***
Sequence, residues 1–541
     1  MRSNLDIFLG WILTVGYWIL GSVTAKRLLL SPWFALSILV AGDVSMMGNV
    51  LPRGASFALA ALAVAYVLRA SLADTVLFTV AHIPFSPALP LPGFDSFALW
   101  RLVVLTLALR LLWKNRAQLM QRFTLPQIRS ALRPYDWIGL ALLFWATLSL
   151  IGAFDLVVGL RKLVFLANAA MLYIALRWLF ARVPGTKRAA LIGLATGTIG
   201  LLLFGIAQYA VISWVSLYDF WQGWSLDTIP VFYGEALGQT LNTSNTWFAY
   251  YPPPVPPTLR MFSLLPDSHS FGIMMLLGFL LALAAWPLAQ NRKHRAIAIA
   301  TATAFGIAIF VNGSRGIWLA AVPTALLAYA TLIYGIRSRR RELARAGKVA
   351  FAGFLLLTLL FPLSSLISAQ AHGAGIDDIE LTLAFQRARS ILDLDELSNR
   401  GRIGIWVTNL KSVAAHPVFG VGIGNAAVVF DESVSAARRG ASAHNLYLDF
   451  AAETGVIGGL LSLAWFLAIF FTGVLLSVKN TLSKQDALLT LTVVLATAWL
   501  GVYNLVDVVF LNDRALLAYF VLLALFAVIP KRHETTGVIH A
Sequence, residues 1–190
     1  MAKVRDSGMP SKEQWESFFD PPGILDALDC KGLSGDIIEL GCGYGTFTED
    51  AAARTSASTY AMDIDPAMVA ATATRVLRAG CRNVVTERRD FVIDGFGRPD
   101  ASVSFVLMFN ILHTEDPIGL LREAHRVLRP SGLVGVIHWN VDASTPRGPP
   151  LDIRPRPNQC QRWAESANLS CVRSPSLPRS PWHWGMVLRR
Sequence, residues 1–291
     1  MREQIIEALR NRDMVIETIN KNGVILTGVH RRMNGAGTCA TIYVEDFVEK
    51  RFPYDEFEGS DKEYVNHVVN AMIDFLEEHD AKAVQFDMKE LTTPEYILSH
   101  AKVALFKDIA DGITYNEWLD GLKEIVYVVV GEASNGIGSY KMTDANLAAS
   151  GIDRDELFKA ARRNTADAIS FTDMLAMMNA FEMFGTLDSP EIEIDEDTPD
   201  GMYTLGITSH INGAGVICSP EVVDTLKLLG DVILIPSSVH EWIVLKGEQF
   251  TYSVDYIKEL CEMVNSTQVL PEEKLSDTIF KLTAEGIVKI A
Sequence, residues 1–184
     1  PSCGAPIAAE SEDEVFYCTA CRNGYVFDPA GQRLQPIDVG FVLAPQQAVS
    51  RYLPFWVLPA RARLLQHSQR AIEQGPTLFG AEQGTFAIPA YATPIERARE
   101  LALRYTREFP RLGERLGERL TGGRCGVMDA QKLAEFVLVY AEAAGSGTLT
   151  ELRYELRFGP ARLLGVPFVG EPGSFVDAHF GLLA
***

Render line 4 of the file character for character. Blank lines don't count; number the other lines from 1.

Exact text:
   101  RLVVLTLALR LLWKNRAQLM QRFTLPQIRS ALRPYDWIGL ALLFWATLSL